Since it was first identified in 2007, deadly equine multinodular pulmonary fibrosis (EMPF) has been reported in numerous horses across North America and Europe. While still considered a rare disease, EMPF appears to be related to a very common one—equine herpesvirus (EHV)—and early treatment appears to be the main hope for survival.

Specifically, it’s the “gamma” herpesviruses that seem to be involved in EMPF development, explained Bianca Schwarz, PhD, DVM, Dipl. ECEIM, head of the Internal Medicine Service in the Equine Clinic of Altforweiler, Germany, and a former researcher at the Equine Clinic of the University of Vienna in Austria. There are two known gamma herpesviruses in horses: EHV-2 and EHV-5. These EHV forms often go unnoticed in horses, as the infection can be subclinical (i.e., it doesn’t cause outward clinical signs). But if signs do occur, they are usually related to the respiratory tract, causing nasal discharge or breathing difficulties, and in more severe cases fever and lethargy. There is no vaccine for EHV-2 or -5.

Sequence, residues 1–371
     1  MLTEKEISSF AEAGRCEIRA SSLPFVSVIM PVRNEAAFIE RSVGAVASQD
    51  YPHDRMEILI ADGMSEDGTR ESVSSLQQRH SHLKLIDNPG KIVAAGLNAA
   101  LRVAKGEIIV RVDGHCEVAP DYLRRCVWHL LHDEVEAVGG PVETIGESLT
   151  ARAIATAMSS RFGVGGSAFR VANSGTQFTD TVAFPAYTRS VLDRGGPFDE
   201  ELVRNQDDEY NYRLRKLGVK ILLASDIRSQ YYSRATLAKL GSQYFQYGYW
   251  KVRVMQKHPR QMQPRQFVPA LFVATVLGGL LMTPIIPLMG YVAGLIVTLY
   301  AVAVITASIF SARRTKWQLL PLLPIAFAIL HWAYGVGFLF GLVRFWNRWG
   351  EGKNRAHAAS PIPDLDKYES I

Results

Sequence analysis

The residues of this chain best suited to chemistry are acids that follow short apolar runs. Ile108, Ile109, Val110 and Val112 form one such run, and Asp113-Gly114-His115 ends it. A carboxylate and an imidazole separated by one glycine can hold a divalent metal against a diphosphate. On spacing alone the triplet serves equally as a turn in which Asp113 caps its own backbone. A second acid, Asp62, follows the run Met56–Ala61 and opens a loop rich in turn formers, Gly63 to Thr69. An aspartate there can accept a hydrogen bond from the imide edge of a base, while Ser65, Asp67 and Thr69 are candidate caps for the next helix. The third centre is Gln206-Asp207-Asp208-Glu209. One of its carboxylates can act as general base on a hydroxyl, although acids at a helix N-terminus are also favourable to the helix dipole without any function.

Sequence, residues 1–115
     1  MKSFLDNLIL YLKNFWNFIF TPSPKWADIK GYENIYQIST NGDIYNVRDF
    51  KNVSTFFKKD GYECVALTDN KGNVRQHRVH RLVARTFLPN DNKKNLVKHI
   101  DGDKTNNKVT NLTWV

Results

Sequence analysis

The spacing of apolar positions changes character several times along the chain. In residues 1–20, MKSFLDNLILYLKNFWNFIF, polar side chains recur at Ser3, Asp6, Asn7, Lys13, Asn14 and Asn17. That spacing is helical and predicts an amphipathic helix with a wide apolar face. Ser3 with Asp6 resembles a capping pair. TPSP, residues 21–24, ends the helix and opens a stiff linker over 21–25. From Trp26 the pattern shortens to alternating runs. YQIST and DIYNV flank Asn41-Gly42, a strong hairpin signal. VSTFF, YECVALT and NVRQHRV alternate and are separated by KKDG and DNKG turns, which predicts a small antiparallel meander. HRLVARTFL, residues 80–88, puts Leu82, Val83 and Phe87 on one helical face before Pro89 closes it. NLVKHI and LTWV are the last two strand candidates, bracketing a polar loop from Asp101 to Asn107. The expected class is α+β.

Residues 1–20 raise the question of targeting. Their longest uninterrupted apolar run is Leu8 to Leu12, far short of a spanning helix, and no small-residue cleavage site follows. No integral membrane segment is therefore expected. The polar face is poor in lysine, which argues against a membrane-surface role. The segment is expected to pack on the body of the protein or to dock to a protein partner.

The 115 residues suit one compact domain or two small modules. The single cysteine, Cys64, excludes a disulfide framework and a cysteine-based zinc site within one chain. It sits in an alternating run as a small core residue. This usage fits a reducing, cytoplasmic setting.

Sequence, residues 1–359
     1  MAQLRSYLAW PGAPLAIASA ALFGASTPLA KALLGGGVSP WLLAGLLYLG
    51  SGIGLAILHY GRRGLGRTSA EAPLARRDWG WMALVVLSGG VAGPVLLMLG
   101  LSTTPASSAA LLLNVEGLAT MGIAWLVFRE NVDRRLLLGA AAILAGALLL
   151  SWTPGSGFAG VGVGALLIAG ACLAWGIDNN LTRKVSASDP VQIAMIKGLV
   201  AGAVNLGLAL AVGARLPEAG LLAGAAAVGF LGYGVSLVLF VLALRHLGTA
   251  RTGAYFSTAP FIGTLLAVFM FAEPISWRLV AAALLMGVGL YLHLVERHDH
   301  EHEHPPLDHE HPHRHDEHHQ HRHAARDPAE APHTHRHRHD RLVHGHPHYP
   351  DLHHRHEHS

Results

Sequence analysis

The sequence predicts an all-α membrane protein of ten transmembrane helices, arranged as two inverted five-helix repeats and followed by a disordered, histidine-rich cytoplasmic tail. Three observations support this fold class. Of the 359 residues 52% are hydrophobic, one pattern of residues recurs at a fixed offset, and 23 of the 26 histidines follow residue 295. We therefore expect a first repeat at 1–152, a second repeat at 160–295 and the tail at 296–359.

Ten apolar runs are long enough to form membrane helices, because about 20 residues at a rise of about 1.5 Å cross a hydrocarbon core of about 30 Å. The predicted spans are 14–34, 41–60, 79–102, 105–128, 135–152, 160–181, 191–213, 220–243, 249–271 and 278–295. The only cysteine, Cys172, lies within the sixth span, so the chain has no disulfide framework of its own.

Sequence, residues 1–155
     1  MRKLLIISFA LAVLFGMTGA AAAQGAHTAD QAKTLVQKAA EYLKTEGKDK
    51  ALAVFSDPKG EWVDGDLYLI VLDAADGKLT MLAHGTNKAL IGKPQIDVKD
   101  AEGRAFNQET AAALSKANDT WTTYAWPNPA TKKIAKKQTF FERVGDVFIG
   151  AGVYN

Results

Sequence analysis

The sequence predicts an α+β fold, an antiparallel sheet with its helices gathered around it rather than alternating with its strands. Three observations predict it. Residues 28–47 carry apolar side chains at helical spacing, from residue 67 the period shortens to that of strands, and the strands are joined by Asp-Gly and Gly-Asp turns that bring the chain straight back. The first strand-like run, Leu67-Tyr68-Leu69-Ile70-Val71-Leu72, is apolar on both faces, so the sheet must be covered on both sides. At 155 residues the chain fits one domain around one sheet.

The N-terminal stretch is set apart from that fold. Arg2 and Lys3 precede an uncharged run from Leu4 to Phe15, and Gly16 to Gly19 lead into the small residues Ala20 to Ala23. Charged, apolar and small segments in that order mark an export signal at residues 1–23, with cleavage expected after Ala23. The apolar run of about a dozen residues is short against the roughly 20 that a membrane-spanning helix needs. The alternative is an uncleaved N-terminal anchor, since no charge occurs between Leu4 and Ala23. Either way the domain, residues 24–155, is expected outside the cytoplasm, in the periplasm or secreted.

Here’s how it all ties together: In all documented EMPF cases, the affected horses have also tested positive for EHV-5, Schwarz said. And about one-third of those horses tested positive for EHV-2, as well. Schwarz says that, even so, EMPF itself cannot be considered a “viral” disease: “At the moment we think that it is a wrong immunoreaction of certain horses to a viral pathogen,” she said.

Looking at five of the seven EPMF cases seen in two European referral clinics between late 2008 and mid-2011, Schwarz and colleagues noted two distinct forms of EMPF